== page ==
southtownstar
DYNAMIC 
Weather Updates

To Your Health: Program targets adult congenital heart disease

Gail Prokop is nurse practitioner with newly formed Adult Congenital Heart Disease Program Advocate Christ Medical Center Oak Lawn.

Gail Prokop is the nurse practitioner with the newly formed Adult Congenital Heart Disease Program at Advocate Christ Medical Center in Oak Lawn.

storyidforme: 40027705
tmspicid: 14777584
fileheaderid: 6739974

Updated: December 15, 2012 6:17AM



Congenital heart disease refers to diseases of the heart that are present at birth.

These defects typically occur while the heart is forming and involve abnormal development of the structures of the heart.

While there are more than 30 different types of congenital heart disease, the most common defects involve holes in the heart, missing or misaligned blood vessels that transport blood between the heart and lungs, missing or malformed heart valves and problems with the actual pumping chambers of the heart. Frequently, an individual will have multiple defects occurring at the same time.

Congenital heart defects can range from simple, minor defects that correct themselves over time or don’t require any treatment to complex and severe abnormalities that are fatal without expert treatment or surgical repair.

In the past, patients with moderate and complex congenital heart defects did not live normal lives. As children, these patients had severe physical restrictions and many did not survive into adolescence, even with aggressive treatment.

Advances in medical procedures and technology have drastically changed the lives of those with congenital heart disease.

Since the 1980s, the mortality rate for moderate and complex heart defects has dropped dramatically. Patients with congenital heart disease are living longer, stronger and healthier lives.

In fact, as a result of these medical advances, there are more adults living with congenital heart disease than children. While this is great news, transitioning out of adolescence is not the end of the congenital heart defect road.

“Adults with congenital heart defects need specialized heart care throughout their lives,” said Dr. Joel Hardin, medical director of the Adult Congenital Heart Disease Program at Advocate Christ Medical Center and Advocate Children’s Hospital.

The congenital heart surgeries and interventions done in childhood did not permanently “fix” the heart problems; they made them better, for an unknown length of time, he said.

“As adults live longer lives, they can develop additional complications related to their original heart defects” Hardin said.

Long-term problems adults often develop include abnormal heart rhythms, decreased exercise tolerance and fatigue.

Adults with complex defects are at higher risk of stroke, heart failure and even sudden cardiac death. Unfortunately, many of these complications can develop slowly and without symptoms so by the time symptoms do appear, the heart is already severely damaged. Once the heart damage becomes severe, it may not be reversible. When detected and treated early on, most complications can be effectively treated and heart function preserved.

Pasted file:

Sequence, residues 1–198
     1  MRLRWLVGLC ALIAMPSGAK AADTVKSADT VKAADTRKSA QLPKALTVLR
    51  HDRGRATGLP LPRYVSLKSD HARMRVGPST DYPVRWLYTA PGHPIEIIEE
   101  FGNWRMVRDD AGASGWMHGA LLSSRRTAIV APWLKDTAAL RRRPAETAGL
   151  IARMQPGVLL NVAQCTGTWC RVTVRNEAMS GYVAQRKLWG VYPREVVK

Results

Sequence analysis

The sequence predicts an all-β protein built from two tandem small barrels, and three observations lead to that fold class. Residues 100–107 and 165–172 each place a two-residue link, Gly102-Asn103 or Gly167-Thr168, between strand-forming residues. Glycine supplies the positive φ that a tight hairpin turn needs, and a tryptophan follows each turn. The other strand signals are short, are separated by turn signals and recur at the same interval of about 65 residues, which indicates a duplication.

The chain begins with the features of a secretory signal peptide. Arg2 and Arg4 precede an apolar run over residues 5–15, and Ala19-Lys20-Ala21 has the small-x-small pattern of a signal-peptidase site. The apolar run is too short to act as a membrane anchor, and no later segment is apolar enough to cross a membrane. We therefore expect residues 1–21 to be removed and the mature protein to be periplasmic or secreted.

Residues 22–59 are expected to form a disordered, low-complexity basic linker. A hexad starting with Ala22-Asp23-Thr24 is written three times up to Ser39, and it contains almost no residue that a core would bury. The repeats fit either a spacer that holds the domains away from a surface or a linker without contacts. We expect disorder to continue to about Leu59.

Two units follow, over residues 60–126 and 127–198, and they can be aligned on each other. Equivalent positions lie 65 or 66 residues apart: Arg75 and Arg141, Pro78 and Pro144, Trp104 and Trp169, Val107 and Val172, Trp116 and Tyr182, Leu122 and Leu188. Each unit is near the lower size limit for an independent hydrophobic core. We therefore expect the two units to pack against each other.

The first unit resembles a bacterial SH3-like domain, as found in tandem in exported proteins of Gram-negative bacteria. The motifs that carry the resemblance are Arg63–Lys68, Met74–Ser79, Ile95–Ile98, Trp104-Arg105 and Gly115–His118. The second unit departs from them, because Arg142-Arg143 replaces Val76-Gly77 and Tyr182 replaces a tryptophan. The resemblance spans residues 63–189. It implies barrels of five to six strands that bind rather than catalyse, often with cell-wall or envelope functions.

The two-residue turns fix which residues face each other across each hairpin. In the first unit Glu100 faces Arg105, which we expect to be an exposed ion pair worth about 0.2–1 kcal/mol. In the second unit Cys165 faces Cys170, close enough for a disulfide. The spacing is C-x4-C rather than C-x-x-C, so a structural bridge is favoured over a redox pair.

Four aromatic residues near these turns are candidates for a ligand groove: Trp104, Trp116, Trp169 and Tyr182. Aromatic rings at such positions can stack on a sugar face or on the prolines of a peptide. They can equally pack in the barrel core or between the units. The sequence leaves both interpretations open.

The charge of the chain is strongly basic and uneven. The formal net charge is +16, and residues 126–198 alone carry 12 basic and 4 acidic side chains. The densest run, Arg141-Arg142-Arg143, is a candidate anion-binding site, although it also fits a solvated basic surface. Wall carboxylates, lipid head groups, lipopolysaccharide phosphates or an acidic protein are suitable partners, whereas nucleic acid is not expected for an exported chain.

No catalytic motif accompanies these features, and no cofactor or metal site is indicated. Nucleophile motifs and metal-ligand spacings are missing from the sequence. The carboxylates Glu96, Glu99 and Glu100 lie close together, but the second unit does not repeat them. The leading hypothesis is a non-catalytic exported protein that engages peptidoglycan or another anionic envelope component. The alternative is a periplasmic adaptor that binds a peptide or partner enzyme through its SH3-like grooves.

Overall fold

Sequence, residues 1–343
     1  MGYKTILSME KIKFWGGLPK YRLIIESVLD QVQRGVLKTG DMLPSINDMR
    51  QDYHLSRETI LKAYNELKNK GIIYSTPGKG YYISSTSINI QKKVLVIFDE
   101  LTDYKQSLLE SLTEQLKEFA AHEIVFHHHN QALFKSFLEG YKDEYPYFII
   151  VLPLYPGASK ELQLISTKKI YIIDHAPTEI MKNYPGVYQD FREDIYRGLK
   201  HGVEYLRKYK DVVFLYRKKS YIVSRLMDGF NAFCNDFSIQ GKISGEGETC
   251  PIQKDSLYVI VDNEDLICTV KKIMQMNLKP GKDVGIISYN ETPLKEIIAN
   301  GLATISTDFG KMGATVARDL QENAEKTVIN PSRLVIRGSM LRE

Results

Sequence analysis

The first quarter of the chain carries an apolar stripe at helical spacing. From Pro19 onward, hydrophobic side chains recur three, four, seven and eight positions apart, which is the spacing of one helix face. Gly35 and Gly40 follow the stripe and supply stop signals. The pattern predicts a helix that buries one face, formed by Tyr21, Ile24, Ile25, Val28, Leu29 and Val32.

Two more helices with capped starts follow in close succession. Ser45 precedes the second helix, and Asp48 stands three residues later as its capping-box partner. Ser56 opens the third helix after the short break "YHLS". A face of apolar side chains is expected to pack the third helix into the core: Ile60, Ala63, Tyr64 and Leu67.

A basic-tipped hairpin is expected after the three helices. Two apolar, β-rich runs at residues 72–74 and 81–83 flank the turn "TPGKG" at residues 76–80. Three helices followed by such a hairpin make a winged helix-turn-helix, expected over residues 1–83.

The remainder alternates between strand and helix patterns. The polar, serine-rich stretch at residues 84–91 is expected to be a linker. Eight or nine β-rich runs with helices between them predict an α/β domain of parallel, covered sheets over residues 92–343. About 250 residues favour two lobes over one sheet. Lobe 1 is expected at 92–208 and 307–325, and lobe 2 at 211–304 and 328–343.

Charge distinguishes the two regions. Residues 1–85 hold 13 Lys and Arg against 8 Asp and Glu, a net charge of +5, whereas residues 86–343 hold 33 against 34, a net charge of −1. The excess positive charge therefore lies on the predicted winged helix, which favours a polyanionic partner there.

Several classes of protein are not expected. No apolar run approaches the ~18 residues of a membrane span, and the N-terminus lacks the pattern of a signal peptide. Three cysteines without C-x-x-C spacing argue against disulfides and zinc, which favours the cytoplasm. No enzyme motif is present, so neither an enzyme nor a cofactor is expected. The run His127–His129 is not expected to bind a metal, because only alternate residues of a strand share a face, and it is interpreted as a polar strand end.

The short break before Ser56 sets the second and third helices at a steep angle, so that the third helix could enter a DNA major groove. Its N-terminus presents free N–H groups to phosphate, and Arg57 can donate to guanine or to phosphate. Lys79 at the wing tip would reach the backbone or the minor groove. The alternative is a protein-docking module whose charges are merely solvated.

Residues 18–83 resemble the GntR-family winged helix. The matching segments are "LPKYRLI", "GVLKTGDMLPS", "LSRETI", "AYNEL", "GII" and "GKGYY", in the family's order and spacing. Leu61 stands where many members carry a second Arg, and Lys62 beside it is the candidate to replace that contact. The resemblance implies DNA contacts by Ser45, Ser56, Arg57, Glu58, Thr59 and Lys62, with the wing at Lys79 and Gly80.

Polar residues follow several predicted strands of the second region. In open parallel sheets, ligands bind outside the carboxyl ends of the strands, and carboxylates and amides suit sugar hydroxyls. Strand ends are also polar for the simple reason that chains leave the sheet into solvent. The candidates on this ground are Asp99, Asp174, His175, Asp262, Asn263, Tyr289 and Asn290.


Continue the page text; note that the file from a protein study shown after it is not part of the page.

Because of the serious complications that can develop as adults age, patients need to continue to seek the expertise of providers who are knowledgeable with not only the structural heart defects like their pediatric cardiologists, but also with expertise in the long-term complications and the potential problems that can develop when they reach their 20s, 30s, 40s and beyond.

Fortunately, while this new population of adults with congenital heart disease grows larger and lives longer, there are specially trained experts and equipped centers available to care for them.

At adult congenital heart disease centers, patients benefit from a team approach. In addition to physicians, there are technicians trained in performing specialized echocardiograms and other diagnostic testing, social services and career counseling. Nurse practitioners help patients understand their disease, assist patients in navigating through the healthcare system and link patients with resources in the healthcare system and in the community.

Adults with a heart defect should seek at least an initial evaluation at a center to assure they are maximizing their heart health and anyone who had heart surgery as a child should be monitored for specific complications.

People who have moderate or complex heart disease should be seen regularly by specialists, while those with mild disease may only need to be seen every few years after an initial evaluation. Fortunately, for area residents, these services are available in the Southland.

Gail Prokop is the nurse practitioner with the newly formed Adult Congenital Heart Disease Program at Advocate Christ Medical Center in Oak Lawn.



© 2014 Sun-Times Media, LLC. All rights reserved. This material may not be copied or distributed without permission. For more information about reprints and permissions, visit www.suntimesreprints.com. To order a reprint of this article, click here.